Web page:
Thursday, June 19, 2014

The multi-generational company

The impending demographic changes in society and economy have raised our awareness of the importance of intergenerational structural changes. In 2000, only 15,1% of the population of Switzerland were over 64 years old, in 2012 it was already 17,4%, and in the year 2030 it will be 24,2%, according to the Federal Statistical Office.

These demographic developments presumably also exacerbate the current shortage of skilled workforce. The Federal Council has approved financial support measures to mitigate this development for 2013-2016, which primarily focus on education, research and the promotion of Switzerland’s innovative power. In addition to the financial measures, the Federal Council has also addressed crosscutting issues such as equal opportunities and sustainable development as important aspects.
Particular attention is given to promoting the reconciliation of work and family life, the integration of older employees, the voluntarily prolonged working life and to occupational retraining. For the future of working life, the different technical skills and socialization of the various age groups among employees are particularly relevant.

The generation of digital natives is now entering working life, and they not only have better technical skills but also largely new type of communication and networking capabilities.Companies are challenged by the aforementioned demographic changes on several levels. In terms of strategy, the attractiveness of companies is becoming an increasingly important factor. In the future, companies have to work towards being attractive for different generations of employees simultaneously. For this, they have to know, understand and consider the skills and values of all generations of employees during recruitment, in leadership, development and retention alike. By this companies can enable the different generations to complement each other’s skills and values and enhance diversity, resulting in more efficient working processes.

At present, the main question is how the generation Y (born between 1981 and 1995) is changing the requirements for companies. Generation Y has a high level of education in both women and men in Switzerland. Many already have international experience and are socially well connected due to their communication skills as digital natives. 

A recent quantitative opinion poll of almost 12’000 Swiss students by universum, a consulting and marketing company working in employer branding, has asked what aspects matter the most to this generation: an interesting job, the working atmosphere in the company, the promotion by superiors and career development opportunities. It is worth noting that about 40% of high school graduates plan to spend five years on their first employment. Thus generation Y is more focused on sustainability and loyalty towards their employers than previous generations of graduates who planned to leave their jobs after two years.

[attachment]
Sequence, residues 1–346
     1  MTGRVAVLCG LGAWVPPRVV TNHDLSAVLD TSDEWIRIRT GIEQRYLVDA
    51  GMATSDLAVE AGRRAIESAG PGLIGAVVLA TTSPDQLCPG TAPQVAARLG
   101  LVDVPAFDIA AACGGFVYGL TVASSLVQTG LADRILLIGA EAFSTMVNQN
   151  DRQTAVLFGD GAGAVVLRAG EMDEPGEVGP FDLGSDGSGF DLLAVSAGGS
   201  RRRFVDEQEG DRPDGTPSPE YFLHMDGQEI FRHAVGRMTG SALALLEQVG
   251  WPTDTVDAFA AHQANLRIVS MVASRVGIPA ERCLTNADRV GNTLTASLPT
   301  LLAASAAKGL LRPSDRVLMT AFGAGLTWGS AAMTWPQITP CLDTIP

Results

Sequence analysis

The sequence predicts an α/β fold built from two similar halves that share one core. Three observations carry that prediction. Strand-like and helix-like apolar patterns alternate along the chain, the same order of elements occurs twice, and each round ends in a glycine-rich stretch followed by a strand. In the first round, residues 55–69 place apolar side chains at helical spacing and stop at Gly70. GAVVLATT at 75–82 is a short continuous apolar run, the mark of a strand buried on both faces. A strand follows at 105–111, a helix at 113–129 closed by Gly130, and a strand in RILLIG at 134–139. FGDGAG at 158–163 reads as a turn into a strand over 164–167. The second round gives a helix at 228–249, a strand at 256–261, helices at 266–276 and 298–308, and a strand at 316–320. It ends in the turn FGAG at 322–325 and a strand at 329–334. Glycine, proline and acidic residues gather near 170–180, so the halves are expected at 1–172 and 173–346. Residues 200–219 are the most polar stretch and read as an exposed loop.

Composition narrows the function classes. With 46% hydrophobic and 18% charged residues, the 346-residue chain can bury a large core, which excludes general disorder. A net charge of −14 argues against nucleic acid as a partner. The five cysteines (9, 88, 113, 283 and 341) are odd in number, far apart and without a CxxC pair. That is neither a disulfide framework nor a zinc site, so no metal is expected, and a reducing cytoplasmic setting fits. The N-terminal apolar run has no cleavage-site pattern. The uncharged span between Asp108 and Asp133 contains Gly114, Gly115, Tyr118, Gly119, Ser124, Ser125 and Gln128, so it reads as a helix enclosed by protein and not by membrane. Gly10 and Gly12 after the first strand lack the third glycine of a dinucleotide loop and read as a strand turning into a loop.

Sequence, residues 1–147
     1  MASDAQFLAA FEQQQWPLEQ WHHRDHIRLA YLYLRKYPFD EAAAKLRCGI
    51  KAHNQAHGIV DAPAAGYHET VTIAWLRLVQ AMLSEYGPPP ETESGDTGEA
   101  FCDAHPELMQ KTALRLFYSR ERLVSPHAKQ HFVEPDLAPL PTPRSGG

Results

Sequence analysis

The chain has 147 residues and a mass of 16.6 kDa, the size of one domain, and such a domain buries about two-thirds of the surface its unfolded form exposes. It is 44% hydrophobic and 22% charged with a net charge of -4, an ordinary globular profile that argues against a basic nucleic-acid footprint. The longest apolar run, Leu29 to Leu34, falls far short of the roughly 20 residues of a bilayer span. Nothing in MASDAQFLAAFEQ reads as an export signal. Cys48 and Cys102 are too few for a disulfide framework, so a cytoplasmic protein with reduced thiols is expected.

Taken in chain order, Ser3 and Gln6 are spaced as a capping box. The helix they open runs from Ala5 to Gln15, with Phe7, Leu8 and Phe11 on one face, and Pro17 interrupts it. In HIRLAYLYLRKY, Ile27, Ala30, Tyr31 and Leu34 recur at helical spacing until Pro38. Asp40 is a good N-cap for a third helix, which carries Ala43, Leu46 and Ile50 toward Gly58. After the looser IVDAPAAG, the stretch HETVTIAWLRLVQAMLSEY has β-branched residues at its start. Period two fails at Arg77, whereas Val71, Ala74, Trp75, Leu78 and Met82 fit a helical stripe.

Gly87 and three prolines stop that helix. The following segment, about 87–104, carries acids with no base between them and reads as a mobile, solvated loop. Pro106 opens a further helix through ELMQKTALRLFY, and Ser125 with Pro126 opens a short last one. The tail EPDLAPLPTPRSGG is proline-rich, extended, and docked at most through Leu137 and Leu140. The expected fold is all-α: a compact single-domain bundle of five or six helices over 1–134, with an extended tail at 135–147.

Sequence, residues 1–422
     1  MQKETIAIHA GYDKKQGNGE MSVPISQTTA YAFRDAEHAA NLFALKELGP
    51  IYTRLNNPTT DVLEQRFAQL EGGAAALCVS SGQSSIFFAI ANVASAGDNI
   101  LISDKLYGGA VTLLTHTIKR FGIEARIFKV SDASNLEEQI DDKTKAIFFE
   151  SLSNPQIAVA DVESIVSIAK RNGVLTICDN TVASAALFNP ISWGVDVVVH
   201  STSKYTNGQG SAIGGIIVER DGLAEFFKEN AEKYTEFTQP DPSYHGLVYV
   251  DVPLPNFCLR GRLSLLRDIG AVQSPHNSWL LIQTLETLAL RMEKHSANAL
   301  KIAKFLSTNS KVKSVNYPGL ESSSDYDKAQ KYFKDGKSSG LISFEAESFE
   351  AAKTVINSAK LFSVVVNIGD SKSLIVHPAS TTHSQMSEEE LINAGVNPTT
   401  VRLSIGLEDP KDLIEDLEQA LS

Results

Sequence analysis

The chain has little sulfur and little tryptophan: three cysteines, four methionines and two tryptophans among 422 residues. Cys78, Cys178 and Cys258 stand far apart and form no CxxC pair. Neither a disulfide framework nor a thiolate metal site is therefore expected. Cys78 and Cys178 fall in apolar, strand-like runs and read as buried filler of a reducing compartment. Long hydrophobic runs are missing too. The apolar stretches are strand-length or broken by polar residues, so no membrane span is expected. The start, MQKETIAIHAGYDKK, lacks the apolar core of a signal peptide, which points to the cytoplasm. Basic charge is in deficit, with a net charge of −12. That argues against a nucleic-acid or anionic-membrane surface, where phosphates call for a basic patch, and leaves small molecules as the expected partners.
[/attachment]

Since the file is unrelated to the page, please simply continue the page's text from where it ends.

The future leaders of generation Y place great value on an inspiring leadership style. For many, the company culture is more crucial for the selection of an employer than a high wage or social recognition, in contrast to the leaders of generation X. In particular, generation Y expects more individualized possibilities in terms of training, flexibility at the work place and work-life-balance than generation X. Despite the differences between these two generations, both usually coexist today in companies and should be able to work together smoothly. 

The intergenerational company that wants to stay an attractive employer in the future should therefore think about the following topics:

  • Management Development: Generation Y obviously puts a lot of importance on individual development and company culture. In practice, this requires not only continuous and individualized possibilities for generation Y, but at the same time also adapted offers for other generations. Only then the different expectations of the respective leadership generation can be met. Furthermore, new formats should be developed that consciously combine the different skills and experiences of the leadership generations. Along with the continuous development of professional skills, social and personal skills will become increasingly important. 
  • Individual career patterns: Careers with linear promotion patterns that still predominate today will loose importance due to the specific requirements of generation Y, but also due to the generation of baby boomers who are intended to remain in professional life longer. Combined training and coaching have to become essential measures to keep connecting and adapting the professional and leadership careers of the different generations. 
  • Flexibilisation of work: Due to the increasing demands of multiple roles in professional and personal life (child care and care of the elderly), flexible working models will gain importance in the future and replace the still predominant presenteeism of generation X. Companies are challenged to not only offer flexible working models, but to actively support their implementation with role models and consulting. 

See all global results of the study here:

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